Photgraphed the above lionfish while snorkeling in Bottom Harbour, N Eleuthera. There are several small patch reefs between Bottom Harbour Club and Cistern Cay a few hundred feet from shore. Everyone, no matter how small had at least 1 lionfish and several single rock reefs had 3 of them. We saw in total 12 to 15 size varied from very small 3inch to about 8 inch.
What's The Problem? (copied from the Reef website)For a quick one-page fact sheet put together by REEF, USGS, NOAA, and Simon Fraser University on invasive lionfish, click here.
Lionfish are:• Voracious predators being shown to eat native fish and crustaceans in large quantities. (Juvenile Nassau grouper have been found in lionfish stomachs in the Bahamas)• Not known to have any native predators• Equipped with venomous dorsal, ventral and anal spines, which deter predators and can cause painful wounds in humans.• Capable of reproducing year-round with unique reproduction mechanisms not commonly found in native fishes• Relatively resistant to parasites, giving them another advantage over native species• Fast in their growth, able to outgrow native species with whom they compete for food and space.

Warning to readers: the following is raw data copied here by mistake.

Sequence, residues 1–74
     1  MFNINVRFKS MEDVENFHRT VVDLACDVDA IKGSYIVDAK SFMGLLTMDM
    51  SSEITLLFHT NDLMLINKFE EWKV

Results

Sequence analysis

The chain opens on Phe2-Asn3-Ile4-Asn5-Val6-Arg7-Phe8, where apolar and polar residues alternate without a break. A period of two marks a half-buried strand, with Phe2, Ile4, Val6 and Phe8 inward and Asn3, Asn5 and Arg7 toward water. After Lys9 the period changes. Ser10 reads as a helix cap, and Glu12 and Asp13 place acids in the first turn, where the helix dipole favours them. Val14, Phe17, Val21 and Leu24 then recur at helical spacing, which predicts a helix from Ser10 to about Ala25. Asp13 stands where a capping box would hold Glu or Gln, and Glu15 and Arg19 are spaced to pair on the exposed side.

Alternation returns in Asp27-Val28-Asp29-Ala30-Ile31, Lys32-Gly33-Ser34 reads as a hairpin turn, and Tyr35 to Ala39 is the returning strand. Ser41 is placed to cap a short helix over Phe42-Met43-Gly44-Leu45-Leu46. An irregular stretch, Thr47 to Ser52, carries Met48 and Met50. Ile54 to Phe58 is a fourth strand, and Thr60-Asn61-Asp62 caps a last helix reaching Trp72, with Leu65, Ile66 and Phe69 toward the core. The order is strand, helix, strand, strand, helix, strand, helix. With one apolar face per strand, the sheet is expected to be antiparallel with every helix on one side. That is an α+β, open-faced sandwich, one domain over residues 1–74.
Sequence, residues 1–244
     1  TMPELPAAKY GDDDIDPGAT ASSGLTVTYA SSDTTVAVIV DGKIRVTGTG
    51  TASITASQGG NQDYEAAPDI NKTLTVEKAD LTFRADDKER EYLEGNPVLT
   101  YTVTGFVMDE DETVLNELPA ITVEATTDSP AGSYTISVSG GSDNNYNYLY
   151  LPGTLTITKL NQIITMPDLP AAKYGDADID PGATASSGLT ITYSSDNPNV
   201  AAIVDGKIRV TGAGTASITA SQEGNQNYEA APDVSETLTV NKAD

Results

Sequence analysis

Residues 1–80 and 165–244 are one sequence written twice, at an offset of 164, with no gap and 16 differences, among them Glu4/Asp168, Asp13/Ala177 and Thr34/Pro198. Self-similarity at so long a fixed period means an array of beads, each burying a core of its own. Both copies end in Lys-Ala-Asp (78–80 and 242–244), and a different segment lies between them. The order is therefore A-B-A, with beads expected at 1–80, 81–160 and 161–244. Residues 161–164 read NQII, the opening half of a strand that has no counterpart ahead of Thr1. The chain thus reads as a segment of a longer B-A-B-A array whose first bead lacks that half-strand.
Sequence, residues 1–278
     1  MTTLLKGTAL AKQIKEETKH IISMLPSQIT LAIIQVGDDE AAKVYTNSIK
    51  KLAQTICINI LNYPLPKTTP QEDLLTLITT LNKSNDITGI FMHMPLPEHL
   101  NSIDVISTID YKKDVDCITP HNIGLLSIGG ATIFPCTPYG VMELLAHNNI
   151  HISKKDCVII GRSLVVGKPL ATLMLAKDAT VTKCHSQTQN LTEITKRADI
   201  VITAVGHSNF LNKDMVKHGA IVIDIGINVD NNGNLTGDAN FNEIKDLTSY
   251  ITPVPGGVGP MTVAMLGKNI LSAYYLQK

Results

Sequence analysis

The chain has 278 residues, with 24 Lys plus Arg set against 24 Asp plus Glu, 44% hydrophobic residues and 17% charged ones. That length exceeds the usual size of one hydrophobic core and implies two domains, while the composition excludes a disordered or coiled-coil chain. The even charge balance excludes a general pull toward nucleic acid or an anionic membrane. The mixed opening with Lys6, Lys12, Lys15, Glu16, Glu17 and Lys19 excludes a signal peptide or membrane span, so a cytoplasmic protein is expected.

Non-native marine fishes can pose a major threat to marine fisheries, habitats and eco-system function. Increased reports of non-nativespecies and the successful invasion of lionfish in Atlantic waters have proven the need for early warning and rapid response to confirmed sightings. The Reef Environmental Education Foundation (REEF), has been working with Federal, State and local partners as well as divers and dive operators, public aquaria and foreign fisheries departments to enact rapid response documentation and removals and assist with scientific investigations related to non-native marine species.